• What websites do you recommend?

Don't hesitate to ask other questions.

The doctor is also in the position to ask questions.

The following must be anticipated:

  • When did you begin having heart palpitations?
  • Have your symptoms been continuous or occasional?
  • Do your palpitations start and stop suddenly?
  • Does it seem like your palpitations have a pattern, such as occurring the same time every day or when you do a certain activity?
  • Does your heart still beat regularly during the palpitations?
  • What, if anything, seems to improve your symptoms?
  • What, if anything, appears to worsen your symptoms?
  • Are you having other symptoms such as shortness of breath, chest pain, fainting, or dizziness when you have palpitations?
  • Have you ever had heart rhythm problems before, such as atrial fibrillation?

Other tests doctors may perform include:

  • Electrocardiogram (ECG),
  • Holter monitoring which  is used to detect heart palpitations that aren't found during a regular ECG exam,
  • Event recording and echocardiogram, which  is an exam that includes an ultrasound of the chest, shows detailed images of the heart's structure and function.
  • Ultrasound waves are transmitted, and their echoes are recorded with a device called a transducer that's held outside the body. A computer uses the information from the transducer to create moving images on a video monitor.

5 Treatment

Heart palpations will be treated only in the scenario where a doctor finds a serious heart condition.

Doctors usually recommend any of their patients with heart palpation episodes to initially avoid triggers.

If one's palpitations are caused by a condition such as arrythmia. In this case, treatment will be focused of correcting the arrythmia.

6 Lifestyle and Coping

Lifestyle modifications are necessary in order to prevent heart palpitations.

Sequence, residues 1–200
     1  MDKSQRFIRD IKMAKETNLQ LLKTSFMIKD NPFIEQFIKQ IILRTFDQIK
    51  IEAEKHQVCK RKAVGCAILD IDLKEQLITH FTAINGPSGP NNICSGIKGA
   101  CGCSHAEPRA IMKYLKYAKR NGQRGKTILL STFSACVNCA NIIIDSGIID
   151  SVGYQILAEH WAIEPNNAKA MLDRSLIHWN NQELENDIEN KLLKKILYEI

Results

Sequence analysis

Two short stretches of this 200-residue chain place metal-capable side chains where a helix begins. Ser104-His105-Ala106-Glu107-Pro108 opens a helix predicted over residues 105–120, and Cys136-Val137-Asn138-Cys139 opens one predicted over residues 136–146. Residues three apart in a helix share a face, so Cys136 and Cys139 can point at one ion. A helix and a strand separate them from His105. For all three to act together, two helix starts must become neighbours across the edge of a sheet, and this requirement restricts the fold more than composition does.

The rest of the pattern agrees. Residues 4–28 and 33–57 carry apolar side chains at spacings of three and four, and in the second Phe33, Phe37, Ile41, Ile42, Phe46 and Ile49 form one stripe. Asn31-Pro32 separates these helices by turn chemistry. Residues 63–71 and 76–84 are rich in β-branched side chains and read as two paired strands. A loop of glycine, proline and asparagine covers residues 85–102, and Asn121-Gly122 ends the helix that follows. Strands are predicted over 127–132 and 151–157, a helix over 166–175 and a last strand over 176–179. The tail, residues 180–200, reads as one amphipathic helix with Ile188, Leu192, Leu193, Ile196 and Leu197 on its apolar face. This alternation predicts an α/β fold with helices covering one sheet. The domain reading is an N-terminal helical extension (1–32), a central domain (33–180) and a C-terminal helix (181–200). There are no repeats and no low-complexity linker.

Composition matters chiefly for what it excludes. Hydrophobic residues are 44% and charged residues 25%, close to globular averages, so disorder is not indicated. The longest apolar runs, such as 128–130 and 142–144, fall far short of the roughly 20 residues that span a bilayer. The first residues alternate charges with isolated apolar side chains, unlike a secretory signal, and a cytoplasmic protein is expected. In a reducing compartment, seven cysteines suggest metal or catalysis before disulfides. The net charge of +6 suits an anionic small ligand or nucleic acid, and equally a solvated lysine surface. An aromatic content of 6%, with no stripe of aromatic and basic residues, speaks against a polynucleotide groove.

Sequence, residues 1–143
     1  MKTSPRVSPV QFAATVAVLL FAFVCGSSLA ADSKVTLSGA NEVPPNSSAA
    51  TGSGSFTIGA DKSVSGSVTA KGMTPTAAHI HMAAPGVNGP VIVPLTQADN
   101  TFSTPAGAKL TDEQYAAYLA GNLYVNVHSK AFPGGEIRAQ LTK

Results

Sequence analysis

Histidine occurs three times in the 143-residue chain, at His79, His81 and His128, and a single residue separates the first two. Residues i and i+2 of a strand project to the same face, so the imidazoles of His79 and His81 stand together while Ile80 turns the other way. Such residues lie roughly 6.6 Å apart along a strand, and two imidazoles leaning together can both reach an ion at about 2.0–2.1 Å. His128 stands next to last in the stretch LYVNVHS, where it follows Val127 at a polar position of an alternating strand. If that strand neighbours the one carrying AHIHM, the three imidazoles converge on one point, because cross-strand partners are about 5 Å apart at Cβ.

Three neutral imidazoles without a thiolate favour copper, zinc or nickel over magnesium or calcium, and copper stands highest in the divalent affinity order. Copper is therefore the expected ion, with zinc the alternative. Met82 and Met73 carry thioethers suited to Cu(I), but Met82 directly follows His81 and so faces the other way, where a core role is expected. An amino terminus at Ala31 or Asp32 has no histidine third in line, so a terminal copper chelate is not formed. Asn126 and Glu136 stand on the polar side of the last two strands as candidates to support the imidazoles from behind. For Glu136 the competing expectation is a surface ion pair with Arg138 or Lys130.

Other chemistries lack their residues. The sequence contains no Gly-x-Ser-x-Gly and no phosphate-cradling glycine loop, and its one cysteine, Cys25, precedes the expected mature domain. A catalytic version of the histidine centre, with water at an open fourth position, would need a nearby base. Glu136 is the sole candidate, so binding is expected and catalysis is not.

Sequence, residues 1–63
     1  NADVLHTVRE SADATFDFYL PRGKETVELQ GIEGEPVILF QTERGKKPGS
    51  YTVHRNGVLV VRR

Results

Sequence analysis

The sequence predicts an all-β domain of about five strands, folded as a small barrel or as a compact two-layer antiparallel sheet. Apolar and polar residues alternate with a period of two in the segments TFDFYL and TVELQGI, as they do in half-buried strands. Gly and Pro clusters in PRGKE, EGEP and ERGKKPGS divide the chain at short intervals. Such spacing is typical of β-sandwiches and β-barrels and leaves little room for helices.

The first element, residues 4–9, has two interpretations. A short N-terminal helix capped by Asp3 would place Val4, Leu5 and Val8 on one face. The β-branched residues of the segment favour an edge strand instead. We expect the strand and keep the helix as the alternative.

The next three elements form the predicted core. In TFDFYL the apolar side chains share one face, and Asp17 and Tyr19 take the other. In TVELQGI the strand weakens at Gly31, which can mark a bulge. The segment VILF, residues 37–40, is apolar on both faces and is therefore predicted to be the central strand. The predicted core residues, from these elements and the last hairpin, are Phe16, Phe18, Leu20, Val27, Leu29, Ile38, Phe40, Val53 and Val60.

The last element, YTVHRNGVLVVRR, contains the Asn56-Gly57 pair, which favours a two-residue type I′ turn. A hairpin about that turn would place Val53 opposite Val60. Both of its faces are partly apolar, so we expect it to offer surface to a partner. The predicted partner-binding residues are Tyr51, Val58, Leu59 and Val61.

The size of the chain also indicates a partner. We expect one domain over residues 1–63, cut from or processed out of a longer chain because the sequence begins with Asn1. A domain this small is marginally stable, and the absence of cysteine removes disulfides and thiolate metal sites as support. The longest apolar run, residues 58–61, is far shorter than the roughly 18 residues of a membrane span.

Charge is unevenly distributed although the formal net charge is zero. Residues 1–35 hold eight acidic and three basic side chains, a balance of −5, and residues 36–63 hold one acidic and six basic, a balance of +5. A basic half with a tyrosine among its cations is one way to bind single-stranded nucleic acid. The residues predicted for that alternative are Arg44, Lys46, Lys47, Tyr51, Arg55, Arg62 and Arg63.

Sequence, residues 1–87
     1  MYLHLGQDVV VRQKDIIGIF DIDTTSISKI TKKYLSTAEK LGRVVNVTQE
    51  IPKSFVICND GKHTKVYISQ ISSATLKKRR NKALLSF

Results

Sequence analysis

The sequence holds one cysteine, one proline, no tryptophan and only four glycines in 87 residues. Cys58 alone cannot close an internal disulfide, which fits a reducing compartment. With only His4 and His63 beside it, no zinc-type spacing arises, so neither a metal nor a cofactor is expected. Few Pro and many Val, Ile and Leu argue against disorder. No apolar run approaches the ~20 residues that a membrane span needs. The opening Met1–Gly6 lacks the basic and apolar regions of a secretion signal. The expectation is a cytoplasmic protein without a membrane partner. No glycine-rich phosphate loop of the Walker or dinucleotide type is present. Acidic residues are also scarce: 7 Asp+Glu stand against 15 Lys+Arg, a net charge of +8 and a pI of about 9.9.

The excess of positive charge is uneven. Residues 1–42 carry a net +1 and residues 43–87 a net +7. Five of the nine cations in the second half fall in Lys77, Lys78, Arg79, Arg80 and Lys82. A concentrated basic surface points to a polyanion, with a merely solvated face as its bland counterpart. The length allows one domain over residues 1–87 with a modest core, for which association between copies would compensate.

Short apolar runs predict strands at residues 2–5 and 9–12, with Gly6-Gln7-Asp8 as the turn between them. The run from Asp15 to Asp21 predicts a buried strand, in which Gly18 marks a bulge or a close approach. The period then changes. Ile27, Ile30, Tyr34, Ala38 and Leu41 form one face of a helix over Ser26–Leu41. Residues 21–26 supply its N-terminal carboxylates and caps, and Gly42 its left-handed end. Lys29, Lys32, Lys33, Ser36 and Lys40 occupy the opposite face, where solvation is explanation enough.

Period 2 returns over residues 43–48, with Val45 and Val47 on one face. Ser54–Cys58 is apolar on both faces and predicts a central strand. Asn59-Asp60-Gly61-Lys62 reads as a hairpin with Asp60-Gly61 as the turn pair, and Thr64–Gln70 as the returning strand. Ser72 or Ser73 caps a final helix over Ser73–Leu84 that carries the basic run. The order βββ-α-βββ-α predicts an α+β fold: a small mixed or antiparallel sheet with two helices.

The most appropriate way to treat palpitations is to basically avoid any triggers.

These triggers can be avoided by reducing stress or anxiety by using relaxation techniques such as yoga meditation, deep breathing or aromatherapy.

Stimulants like caffeine, nicotine, some old medicines and energy drinks that can make the heart beat quickly or irregularly must be avoided.

Illegal drugs like cocaine and amphetamines can bring on heart palpitations and therefore must be avoided.

7 Risk and Complications

The risks of experiencing heart palpitations increase in the following cases:

  • Having high levels of stress, an anxiety disorder or regularly occuring panic attacks.
  • Pregnant women are more likely to experience heart palpitations.
  • Taking medication that contain stimulants such as some cold, cough or asthma medicine.
  • An overactive thyroid gland (hyperthyroidism), a heart condition such as arrythmia, heart defect or previous heart attack also contribute to the possible risk factors.
  • For palpitations caused by heart condition, possible complication may include: fainting and cardiac arrest. Rarely, palpitations can be caused by life-thretening arrythmias which can cause the heart to  to stp beating efectively.
  • If palpitations are due to atrial fibrillation, a condition in which the upper chambers of the heart quiver instead of of beating properly, blood can pool and cause clots to form.
  • If a clot breaks loose, it can block a brain artery, causing a stroke. Heart failure. can result if  the heart is pumping ineffectively for a prolonged period due to an arrhythmia, such as atrial fibrillation.
  • Sometimes, controlling the rate of an arrhythmia that's causing heart failure can improve the heart's function.